(Observer)Dominica’s Prime Minister has come out swinging about the unavailability of monies pledged by rich countries to assist Small Island Developing States (SIDS) like Antigua and Barbuda in fighting climate change.
Wealthy nations say they are on track this year to meet their overdue $100 billion climate finance pledge to developing countries three years later than promised; however, Roosevelt Skerrit, the Chairman of Caricom, appears not to be optimistic that they will deliver.
Skerrit urged intense action on climate change when regional leaders met with Dr Sultan Al Jaber, the president-designate of the 28th Session of the Conference of the Parties (COP28), on Thursday, August 10, in Barbados.
“Every time we go to a COP summit, there is always a new proposal on the table and never a reflection of fulfilling their commitment. When they made their one billion commitments, it was always the understanding of all parties that it would be in grants; now they are talking about private sector funding and loans,” Skerrit said during a press conference in Roseau, Dominica earlier this week.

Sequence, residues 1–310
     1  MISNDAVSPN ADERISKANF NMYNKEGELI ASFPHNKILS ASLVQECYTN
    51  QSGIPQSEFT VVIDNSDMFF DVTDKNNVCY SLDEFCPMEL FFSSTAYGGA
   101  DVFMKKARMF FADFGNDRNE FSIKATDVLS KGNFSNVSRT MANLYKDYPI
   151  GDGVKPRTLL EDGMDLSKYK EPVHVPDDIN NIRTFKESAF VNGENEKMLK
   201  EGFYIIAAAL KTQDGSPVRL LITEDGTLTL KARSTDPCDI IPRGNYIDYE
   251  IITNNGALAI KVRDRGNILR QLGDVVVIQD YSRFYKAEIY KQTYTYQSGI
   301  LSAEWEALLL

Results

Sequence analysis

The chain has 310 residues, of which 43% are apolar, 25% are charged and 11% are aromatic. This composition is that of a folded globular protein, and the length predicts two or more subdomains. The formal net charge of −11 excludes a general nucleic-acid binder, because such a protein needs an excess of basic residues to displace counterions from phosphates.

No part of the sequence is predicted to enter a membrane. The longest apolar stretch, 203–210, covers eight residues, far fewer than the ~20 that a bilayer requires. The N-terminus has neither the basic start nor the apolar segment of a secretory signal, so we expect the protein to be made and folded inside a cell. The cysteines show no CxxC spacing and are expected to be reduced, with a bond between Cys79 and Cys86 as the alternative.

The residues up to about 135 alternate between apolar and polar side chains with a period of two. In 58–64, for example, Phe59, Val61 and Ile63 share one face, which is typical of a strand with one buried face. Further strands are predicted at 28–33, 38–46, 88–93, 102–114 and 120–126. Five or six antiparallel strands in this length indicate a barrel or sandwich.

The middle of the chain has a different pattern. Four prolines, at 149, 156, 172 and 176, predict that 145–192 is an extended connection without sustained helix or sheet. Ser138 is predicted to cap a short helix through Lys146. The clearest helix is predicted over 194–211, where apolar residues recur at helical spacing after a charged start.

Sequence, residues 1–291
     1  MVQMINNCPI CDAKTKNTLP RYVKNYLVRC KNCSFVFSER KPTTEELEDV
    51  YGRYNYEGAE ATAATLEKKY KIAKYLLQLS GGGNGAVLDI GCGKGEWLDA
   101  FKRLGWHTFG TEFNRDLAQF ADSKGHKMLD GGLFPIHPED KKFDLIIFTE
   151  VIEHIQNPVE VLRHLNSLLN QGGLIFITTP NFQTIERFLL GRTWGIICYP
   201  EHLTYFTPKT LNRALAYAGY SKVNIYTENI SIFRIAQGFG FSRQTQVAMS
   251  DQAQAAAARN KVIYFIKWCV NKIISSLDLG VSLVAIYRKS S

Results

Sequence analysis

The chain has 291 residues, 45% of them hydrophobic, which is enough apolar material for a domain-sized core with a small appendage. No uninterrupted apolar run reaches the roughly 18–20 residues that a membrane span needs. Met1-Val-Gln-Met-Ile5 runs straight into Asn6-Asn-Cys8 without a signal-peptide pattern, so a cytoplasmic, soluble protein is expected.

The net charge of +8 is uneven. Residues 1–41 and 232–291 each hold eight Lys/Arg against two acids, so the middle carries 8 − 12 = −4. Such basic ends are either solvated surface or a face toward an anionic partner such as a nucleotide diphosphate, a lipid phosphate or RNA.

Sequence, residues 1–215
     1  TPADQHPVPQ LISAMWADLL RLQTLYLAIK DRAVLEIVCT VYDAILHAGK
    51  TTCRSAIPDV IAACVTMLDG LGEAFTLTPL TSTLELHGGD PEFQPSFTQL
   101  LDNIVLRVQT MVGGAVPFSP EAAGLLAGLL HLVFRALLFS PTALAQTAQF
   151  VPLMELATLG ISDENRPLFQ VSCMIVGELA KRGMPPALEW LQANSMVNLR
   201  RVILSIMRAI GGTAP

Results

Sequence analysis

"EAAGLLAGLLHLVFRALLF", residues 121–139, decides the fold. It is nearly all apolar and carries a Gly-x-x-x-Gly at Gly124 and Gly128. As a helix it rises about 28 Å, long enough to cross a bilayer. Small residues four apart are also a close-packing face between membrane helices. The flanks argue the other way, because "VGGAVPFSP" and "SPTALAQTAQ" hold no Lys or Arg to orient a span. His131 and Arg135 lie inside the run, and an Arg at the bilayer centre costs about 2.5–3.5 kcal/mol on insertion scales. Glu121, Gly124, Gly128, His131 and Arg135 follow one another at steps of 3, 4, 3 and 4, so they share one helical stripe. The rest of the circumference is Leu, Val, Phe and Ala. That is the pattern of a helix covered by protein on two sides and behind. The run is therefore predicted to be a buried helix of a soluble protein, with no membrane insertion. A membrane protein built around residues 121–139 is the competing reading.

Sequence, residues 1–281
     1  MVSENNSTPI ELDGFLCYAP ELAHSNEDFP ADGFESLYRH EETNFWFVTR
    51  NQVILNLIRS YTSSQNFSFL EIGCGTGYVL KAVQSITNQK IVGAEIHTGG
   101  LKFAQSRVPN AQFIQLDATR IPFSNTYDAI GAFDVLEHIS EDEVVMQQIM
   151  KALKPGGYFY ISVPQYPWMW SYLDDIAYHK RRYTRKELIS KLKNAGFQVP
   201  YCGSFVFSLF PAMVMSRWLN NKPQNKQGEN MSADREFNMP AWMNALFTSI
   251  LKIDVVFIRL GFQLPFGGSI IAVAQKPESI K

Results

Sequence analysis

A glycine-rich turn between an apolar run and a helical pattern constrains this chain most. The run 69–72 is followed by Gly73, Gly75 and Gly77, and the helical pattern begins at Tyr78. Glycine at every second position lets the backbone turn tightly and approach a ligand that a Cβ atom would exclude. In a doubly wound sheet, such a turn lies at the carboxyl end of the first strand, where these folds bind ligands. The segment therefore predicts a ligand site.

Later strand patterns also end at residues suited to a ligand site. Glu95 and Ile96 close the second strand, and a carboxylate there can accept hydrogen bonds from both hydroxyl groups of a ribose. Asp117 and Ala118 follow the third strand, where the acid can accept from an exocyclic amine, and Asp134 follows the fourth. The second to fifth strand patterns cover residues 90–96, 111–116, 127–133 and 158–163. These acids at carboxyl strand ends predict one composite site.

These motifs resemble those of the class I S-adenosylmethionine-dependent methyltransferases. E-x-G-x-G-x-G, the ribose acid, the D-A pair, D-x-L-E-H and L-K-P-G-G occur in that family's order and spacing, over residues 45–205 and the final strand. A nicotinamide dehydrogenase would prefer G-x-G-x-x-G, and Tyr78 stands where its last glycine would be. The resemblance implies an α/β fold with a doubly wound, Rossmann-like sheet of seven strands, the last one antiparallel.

He said the developed world must understand that the small islands are not looking for any sympathy.
“We do not want any pity from anybody. An injustice has been meted out to us because climate change is a result of the behaviour and practices of the industrialised world, which is affecting us,” Skerrit said, adding, “this is about compensation.”
The Dominica PM said the matter is so severe that those who pledged the monetary assistance should be taken to court, but an out-of-court settlement is preferred.
COP 28 will convene from November 30 to December 12, 2023 in Dubai, United Arab Emirates (UAE).
The conference will focus on fast-tracking energy transition and slashing emissions before 2030, transforming climate finance, and placing people, lives, and livelihoods at the heart of climate action.
“If we leave Dubai this year with nobody delivering a cheque, it would be an unfortunate thing,” he said
Skerrit also argued that the Caribbean is one of the world’s most vulnerable regions, and climate change is an existential threat.